I have called you by name

IMG_3446Yesterday I had the joy of being part of something special – the Collation of the Canon Pastor at Coventry Cathedral. There are a number of very personal reasons why the day was somewhere between fabulous and almost unbearably special for me, but there is something specific I wanted to think about here.

Two of the joys I had were meeting various tweeps who dutifully reeled off their twitter handles and names to me just before the service , and administering the chalice at Communion. My instruction for the service was “follow Margaret”, a wonderful Reader and my fellow chalice assistant, who looked after me beautifully. So I did. Where she went, I went. When she turned a right angle, I followed suit. And so it was that I landed at the side of an important looking gentleman in a very lovely gold Cope (kind of cloak), with him handing out wafers, and me and Margaret then handing our respective chalices to people for them to receive wine.

As it happened, many tweeps ended up receiving wine from me. And so it was I was able to offer them the chalice and use their name – “Kathryn, Simon, Ruth, Rachel etc etc etc, the blood of Christ keep you in eternal life”. It is a wonderful privilege to administer communion by name. I don’t do it in our main Sunday service, because I can’t do it for everyone – there are those whose names have not yet stuck, there are visitors….and it would be horrid for someone to be left out. But when I know everyone’s name, for example at our quiet Thursday morning service, I use it. And I figured that in a Cathedral, no-one would expect me to know everyone’s name, so just addressing those I knew would probably be OK.

Because it is my custom to use names where I can, I forget that for most people, it isn’t normal to receive communion by name. I forget how special it felt the first time someone used my name as they handed me bread or wine. I shouldn’t have been surprised by people commenting afterwards, but I was.

Names are powerful. Names are bound up in our identity. When asked that most personal of questions, “Who are you?” we answer with our name. And God knows our names….Isaiah 43

But now, thus says the Lord, who created you, O Jacob,
And He who formed you, O Israel:
“Fear not, for I have redeemed you;
I have called you by your name;
You are Mine.”

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3 responses to “I have called you by name

  1. Being called by name is something I hadn’t really thought about either as a catholic and those long agnostic years, when I refused to accept Jesus by name or that he even existed.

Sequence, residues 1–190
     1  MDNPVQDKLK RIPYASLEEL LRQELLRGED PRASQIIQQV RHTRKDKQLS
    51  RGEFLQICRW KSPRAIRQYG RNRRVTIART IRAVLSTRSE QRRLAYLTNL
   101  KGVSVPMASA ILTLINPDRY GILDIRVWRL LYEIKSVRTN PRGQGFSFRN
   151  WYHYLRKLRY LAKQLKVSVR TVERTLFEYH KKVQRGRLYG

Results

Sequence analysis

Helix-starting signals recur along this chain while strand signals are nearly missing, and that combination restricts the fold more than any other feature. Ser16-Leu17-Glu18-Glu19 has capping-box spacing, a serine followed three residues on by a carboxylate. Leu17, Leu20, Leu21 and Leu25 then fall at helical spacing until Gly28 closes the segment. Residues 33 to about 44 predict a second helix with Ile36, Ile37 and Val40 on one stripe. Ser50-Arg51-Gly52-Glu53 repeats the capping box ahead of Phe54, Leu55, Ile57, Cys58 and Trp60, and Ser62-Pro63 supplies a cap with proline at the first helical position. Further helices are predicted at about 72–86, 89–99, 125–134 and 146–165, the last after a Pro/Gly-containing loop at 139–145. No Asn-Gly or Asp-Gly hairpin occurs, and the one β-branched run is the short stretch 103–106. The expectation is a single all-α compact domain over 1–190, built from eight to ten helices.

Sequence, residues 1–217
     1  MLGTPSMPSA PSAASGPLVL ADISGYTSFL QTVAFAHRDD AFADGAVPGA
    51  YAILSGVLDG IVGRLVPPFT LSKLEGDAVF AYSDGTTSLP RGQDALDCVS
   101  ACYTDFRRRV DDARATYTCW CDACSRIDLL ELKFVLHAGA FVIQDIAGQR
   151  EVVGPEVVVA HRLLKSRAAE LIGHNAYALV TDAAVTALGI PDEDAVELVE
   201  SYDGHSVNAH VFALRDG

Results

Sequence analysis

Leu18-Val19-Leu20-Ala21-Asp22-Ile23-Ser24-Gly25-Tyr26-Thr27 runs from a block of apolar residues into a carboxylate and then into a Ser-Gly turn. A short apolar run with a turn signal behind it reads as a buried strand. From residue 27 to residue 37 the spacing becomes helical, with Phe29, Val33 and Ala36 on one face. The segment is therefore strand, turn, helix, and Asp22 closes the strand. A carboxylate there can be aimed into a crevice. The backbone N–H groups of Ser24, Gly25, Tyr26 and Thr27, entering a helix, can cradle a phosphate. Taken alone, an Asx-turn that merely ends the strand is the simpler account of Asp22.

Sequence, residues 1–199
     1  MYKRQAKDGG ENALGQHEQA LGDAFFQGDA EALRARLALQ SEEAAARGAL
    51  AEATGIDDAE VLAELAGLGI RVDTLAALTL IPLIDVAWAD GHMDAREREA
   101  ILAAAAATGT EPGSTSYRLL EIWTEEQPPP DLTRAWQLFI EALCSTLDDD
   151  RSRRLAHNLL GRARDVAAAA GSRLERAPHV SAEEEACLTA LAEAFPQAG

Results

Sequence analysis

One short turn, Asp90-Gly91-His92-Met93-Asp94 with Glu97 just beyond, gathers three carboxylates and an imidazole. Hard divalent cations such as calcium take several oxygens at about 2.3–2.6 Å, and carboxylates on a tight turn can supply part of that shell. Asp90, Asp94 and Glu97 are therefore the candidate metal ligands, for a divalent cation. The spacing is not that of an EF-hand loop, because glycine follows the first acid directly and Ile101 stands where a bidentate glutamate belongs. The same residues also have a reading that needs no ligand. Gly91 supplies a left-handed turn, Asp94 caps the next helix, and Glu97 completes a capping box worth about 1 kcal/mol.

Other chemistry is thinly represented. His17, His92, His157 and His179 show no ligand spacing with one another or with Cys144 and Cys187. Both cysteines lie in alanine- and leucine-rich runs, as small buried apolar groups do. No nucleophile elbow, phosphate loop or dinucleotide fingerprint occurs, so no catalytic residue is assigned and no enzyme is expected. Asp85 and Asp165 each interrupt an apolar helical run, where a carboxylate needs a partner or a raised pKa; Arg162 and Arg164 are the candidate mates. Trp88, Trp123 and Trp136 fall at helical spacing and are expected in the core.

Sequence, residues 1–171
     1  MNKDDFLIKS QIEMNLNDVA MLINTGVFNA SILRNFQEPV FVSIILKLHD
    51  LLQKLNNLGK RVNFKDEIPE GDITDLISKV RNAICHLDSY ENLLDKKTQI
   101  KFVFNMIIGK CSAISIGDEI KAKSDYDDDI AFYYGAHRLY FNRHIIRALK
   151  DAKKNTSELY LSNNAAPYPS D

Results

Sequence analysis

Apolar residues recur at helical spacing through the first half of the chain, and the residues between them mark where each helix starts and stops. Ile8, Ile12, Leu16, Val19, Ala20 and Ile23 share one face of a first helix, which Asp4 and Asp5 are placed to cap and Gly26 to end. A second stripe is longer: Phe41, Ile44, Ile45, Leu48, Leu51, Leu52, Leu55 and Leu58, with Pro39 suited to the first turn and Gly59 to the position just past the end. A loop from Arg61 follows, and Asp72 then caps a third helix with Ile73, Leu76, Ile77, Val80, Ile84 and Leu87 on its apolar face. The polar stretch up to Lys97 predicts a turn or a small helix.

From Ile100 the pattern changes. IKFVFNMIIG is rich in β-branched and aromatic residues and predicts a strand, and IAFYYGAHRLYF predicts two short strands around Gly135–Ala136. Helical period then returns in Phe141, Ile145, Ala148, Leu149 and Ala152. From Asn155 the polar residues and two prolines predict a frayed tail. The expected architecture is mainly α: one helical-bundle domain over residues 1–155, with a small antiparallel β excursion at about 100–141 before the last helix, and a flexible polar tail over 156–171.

When eventually, I was confirmed in Canterbury Cathedral, that being called by name resounded with me. Which at age 59, in the midst of the excitement and enthusiasm of being a newish Christian was something to be received and marked with joy, prayer and shared with others.

    Jesus’ words the very hairs on your head are numbered (Luke 12:7) resonate for the very same reason. That personal relationship with Jesus which he offered and I accepted is more personal than with any human relationship, including closest family. They might be calling us by name, but he called us by name first at our baptism and that call is echoed in confirmation. And, I know that it also applies to those who aren’t baptized or even Christians – there’s no selfishness in Jesus, he loves, one and all and calls them all. Some might just be receiving that call through a different medium than the lense of Christianity.

    We’ve just had a wonderful Church in Belvedere Sunday. Not Churches, but Church!! We might differ in style and substance but we are all ambassador’s for Christ. We came together in the open air and sunshine, we sang and praised, shared testimony (I was privileged to be asked to share my own) and committed ourselves to (in the words that we prayed jointly:

    Ambassadors together.

    Living God, enable us this day to be pilgrims and companions,
    Committed to the way of Christ,
    Faithful to the call of Christ,
    Discerning the mind of Christ,
    Offering the welcome of Christ,
    Growing in the likeness of Christ,
    Engaging in the mission of Christ,
    In the world that belongs to Christ.

    Need I say more.

  2. Interesting to hear your side. Usually I’m dubious about use of name at communion. My stated reason is the fact that I think it will make any peope whose names aren’t known left out, but there is also something less articulated, something to do with drawing my attention to the priest. However, as a visitor, not expecting to be known by name, it was a powerful experience, so thank you.

    I’m glad that @wobblygoose and I both ended up receiving from you, as a result of wheelchair logistics!

  3. So sorry I wasn’t well enough to attend, Claire 😦 I’ve heard from lots of others about how special it all was.
    I would have happily received the chalice from you … by name or not 🙂

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